The following mouse buttons perform as indicated: LEFT MIDDLE RIGHT MIDDLE + RIGHT Selection Rotate Translate Zoom In and Out

The structure should be fine at this point. You should notice that Leap has added hydrogen atoms to the DNA structure. To exit the unit editor use Unit > close from the menu. Solvate the structure in TIP3P water [6] using a truncated octahedron periodic box. Use the following command; solvateOct nap TIP3PBOX 8.0 You have told Leap to solvate the unit in a truncated octahedral box using a spacing distance of 8.0 angstroms around the molecule. Ideally, you should set the spacing at no less than 8.5 (~ 3 water layers) to avoid periodicity artifacts. [7] For particle-mesh ewald electrostatics, [8, 9] our box side length must be > 2 X NB cutoff. We will use a 9.0 cutoff; therefore, our box side must be > 18 . Our box side length will be (2 X 8) + DNA dimension, which should be greater than 18. Now, lets add counterions to neutralize the charge. We had a total charge of 20.000; therefore, we need 20 sodium ions to neutralize. addIons nap Na+ 0 The command we just issued (addIons) added Na+ ions until the total net formal charge = 0. This should add 20 Na+ ions. Now we can save the topology and coordinate files! saveAmberParm nap pet.crd As an additional step, you may want to save a PDB file of the model you just created. To do this, just use the savePdb command. savePdb nap pet_na.pdb Youre done with file preparation (hooray!). Type Quit to exit xLeap! Use Rasmol to view your model. In the winterm, type rasmol pet_na.pdb.

Molecular Dynamics
Well do these computations in 4 steps. The first three steps are preparatory and the last step is what is known as the production run.

Step 1. Energy Minimization of the System. We perform a steepest descents energy minimization to relieve bad steric interactions that would otherwise cause problems with or dynamics runs. Using the Sander program. The SANDER program is the number crunching juggernaut of the AMBER software package. SANDER will perform energy minimization, dynamics and NMR refinement calculations. You must specify an input file to tell SANDER what computations you want to perform and how you would like to perform those computations. Study the input file for energy minimization below. The contents of the file.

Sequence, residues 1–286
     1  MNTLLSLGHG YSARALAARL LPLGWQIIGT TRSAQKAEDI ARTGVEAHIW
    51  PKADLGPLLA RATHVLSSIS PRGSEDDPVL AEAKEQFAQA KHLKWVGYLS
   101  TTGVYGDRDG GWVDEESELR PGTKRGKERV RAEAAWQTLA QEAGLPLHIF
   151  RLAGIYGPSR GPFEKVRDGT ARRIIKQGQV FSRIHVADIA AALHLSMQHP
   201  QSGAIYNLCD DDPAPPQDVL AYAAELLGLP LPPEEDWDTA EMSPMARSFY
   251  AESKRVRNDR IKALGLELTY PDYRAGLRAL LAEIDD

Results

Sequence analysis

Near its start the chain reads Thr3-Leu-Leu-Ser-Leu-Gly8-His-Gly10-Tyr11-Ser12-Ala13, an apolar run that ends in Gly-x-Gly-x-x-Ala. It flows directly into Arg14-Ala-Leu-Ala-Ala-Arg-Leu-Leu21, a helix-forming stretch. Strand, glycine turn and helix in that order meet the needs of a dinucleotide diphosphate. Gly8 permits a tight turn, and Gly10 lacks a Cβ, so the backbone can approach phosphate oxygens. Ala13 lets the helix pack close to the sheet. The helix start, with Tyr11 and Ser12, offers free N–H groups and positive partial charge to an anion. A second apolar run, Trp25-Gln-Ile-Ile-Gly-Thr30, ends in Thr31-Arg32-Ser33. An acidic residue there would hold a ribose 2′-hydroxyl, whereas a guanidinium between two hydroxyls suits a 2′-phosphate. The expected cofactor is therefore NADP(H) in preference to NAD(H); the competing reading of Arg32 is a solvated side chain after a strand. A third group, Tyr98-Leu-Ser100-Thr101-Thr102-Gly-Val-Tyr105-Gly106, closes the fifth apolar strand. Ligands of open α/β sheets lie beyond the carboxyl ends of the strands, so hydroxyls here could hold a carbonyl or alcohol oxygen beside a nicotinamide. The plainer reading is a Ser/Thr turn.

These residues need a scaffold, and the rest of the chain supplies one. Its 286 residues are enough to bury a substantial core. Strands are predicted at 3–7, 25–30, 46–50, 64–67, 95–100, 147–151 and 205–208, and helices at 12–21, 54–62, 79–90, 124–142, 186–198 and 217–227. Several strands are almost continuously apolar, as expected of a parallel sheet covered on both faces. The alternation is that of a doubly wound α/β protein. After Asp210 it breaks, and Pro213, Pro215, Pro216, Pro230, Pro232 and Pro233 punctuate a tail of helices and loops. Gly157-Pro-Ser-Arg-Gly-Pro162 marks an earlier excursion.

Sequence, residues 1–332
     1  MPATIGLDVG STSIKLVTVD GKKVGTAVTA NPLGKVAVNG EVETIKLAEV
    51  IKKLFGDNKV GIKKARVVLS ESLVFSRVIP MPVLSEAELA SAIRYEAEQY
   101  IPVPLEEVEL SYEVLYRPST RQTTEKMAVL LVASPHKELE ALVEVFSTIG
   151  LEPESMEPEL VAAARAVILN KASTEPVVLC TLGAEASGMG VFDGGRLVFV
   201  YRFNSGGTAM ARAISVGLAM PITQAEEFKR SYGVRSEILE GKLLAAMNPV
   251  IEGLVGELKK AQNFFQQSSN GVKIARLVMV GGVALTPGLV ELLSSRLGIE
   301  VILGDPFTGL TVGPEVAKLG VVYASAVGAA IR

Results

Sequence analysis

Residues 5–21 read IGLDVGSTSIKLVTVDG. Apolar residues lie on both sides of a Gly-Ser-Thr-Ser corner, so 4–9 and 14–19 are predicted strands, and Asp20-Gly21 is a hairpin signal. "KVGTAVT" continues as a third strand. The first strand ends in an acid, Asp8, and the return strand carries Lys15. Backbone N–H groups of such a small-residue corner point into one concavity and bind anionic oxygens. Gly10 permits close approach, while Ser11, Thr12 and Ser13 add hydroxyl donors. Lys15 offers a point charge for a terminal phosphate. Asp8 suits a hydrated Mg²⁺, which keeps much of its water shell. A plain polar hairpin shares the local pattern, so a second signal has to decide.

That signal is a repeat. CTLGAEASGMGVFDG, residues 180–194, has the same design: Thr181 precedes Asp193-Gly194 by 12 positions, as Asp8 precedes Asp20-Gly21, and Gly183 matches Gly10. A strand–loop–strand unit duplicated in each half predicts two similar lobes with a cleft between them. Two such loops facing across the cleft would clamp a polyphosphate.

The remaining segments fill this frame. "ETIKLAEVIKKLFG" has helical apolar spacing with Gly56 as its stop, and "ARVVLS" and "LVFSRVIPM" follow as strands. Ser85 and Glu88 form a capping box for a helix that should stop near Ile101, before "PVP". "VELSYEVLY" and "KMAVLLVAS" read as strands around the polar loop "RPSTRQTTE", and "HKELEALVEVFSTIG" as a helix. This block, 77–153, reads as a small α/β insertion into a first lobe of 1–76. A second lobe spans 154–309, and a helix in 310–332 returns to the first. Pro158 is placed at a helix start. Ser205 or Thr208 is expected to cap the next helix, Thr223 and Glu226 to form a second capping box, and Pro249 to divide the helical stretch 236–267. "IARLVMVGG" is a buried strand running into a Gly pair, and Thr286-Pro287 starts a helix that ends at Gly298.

Initial restrained minimization on DNA & DRG, 10 cut &cntrl imin = 1, maxcyc = 1000, ncyc = 250, ntb = 1, ntr = 1, cut = 10 / Hold the DNA & DRG fixed 500.0 RES 1 25 END END

What it all means in a nutshell. There are many more settings above than we can possibly explain here. So, for more in-depth info please consult the AMBER Users Manual. The settings important for minimization are highlighted and explained below. &cntrl and / Most if not all of your instructions must appear in the control block (hence &cntrl). cut = nonbonded cutoff in angstroms. ntr = Flag used to perform position restraints (1 = on, 0 = off) imin = Flag to run energy minimization (if = 1 then perform minimization; if = 0 then perform molecular dynamics). macyc = maximum # of cycles ncyc = After ncyc cycles the minimization method will switch from steepest descents to conjugate gradient. ntmin = Flag for minimization method. (if = 0 then perform full conjugate gradient min with the first 10 cycles being steepest descent and every nonbonded pairlist update; if = 1 for ncyc cycles steepest descent is used then conjugate gradient is switched on [default]; if = 2 then only use steepest descent) dx0 = The initial step length dxm = The maximum step allowed drms = gradient convergence criterion 1.0E-4 kcal/mol is the default

Hold the DNA and the DRG fixed 500.0 (This is the force in kcal/mol used to restrain the atom positions.) RES 1 25 (Tells AMBER to apply this force to residue #s 1 to 25). Command line in general (Example only): sander O i o min.out p prmtop c inpcrd r restrt [ref refc x mdcrd v mdvel e mden inf mdinfo] Issue the following command to run your energy minimization. nohup sander O i o min1.out p c pet.crd r pet_min1.rst ref pet.crd & Monitor the progress using tail 20 min1.out command. Step 2. Minimization of whole system, no restraints. Contents of file
System minimization on DNA & DRG, 10 cut &cntrl imin = 1, maxcyc = 1500, ncyc = 500, ntb = 1, ntr = 0, cut = 10 / END